I wait every year for summer, and it is usually good, but it is never as good as that summer I am always waiting for. — Martha Gellhorn, Selected Letters. (Holt Paperbacks; Reprint edition, May 29, 2007) Advertisements
I cannot capture your grace in words; I am profoundly enchanted by the flowing complexity in you. — John Keats, in a letter to Fanny Brawne dated 5 Novemeber 1820
Beauty has no other origin than a wound, unique, different for each person, hidden or visible, that everyone keeps in himself, that he preserves and to which he withdraws when he wants to leave the world for a temporary but profound solitude. – Jean Genet, Fragments of the Artwork. (Stanford University Press; 1 edition, April… Continue reading Jean Genet
If, then, I were asked for the most important advice I could give, that which I considered to be the most useful to the men of our century, I should simply say: in the name of God, stop a moment, cease your work, look around you. — Leo Tolstoy, Essays, Letters and Miscellanies. (Wildside Press,… Continue reading Leo Tolstoy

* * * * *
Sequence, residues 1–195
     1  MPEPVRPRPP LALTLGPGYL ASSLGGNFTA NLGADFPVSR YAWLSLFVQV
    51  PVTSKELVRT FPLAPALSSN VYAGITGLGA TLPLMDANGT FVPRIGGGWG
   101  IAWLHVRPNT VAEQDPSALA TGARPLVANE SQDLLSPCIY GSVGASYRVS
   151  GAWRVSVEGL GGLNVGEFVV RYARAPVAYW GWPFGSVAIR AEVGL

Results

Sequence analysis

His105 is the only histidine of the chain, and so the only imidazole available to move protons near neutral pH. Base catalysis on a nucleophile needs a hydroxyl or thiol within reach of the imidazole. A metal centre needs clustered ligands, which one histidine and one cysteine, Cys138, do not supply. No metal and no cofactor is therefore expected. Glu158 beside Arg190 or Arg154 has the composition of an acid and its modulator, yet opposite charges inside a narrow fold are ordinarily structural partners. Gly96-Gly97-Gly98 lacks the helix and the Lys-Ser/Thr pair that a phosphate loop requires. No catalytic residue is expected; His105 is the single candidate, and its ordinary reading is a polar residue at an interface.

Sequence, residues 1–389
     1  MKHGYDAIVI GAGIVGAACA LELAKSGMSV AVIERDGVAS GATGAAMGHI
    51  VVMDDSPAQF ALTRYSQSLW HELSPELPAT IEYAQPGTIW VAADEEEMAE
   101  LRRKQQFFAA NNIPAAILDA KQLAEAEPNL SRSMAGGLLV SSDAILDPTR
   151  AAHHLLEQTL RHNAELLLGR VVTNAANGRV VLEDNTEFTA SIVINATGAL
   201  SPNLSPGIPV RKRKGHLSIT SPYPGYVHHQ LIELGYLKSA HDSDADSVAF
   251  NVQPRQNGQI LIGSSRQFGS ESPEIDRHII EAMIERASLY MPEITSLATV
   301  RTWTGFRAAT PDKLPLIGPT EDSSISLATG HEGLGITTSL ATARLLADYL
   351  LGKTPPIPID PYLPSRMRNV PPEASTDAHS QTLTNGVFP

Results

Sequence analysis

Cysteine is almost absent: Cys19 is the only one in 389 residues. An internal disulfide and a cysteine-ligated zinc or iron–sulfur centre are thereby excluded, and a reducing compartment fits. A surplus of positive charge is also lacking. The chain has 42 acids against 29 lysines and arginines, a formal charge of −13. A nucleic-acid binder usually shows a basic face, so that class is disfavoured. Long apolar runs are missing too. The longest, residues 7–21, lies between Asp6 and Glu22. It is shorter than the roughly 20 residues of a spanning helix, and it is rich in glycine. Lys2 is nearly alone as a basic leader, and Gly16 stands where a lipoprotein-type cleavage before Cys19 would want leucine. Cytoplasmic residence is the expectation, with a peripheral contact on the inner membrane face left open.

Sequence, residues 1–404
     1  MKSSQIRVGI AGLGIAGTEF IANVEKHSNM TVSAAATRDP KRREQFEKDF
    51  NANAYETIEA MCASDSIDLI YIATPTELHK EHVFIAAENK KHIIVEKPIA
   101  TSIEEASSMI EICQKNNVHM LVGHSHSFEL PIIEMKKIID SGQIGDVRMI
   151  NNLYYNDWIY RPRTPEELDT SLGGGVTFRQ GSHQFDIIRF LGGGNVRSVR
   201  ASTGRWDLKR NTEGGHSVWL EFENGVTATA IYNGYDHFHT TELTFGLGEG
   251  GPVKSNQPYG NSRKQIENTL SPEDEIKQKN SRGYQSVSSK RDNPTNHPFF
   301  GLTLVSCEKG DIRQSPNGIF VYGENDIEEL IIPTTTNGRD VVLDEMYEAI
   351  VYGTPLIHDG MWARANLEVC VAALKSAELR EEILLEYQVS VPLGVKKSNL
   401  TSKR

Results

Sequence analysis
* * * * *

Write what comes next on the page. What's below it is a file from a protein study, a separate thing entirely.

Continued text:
The final mystery is oneself. When one has weighed the sun in the balance, and measured the steps of the moon, and mapped out the seven heavens star by star, there still remains oneself. Who can calculate the orbit of his own soul? — Oscar Wilde, De Profundis. (Fontamara, September 12th 1993) Originally published 1905.
No one sings as purely as those who inhabit the deepest hell—what we take to be the song of angels is their song. — Franz Kafka, Letters to Milena. (Schocken; Rev Upd edition April 7, 1990)
I hold this to be the highest task of a bond between two people: that each should stand guard over the solitude of the other. ― Rainer Maria Rilke, Letters to a Young Poet. (Dover Publications May 8, 2002) Originally published 1929.